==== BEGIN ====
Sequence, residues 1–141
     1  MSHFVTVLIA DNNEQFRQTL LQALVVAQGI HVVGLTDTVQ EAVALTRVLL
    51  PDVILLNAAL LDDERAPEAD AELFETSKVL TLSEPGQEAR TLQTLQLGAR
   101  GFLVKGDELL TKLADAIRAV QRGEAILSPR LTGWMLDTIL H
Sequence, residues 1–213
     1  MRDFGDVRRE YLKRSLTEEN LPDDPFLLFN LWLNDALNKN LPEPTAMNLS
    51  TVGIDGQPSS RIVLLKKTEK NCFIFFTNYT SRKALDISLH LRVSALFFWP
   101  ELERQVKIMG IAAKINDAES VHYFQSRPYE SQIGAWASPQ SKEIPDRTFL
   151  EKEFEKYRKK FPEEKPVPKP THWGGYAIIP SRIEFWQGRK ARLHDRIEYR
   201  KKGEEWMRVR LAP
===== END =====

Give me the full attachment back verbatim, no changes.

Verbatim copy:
Sequence, residues 1–141
     1  MSHFVTVLIA DNNEQFRQTL LQALVVAQGI HVVGLTDTVQ EAVALTRVLL
    51  PDVILLNAAL LDDERAPEAD AELFETSKVL TLSEPGQEAR TLQTLQLGAR
   101  GFLVKGDELL TKLADAIRAV QRGEAILSPR LTGWMLDTIL H
Sequence, residues 1–213
     1  MRDFGDVRRE YLKRSLTEEN LPDDPFLLFN LWLNDALNKN LPEPTAMNLS
    51  TVGIDGQPSS RIVLLKKTEK NCFIFFTNYT SRKALDISLH LRVSALFFWP
   101  ELERQVKIMG IAAKINDAES VHYFQSRPYE SQIGAWASPQ SKEIPDRTFL
   151  EKEFEKYRKK FPEEKPVPKP THWGGYAIIP SRIEFWQGRK ARLHDRIEYR
   201  KKGEEWMRVR LAP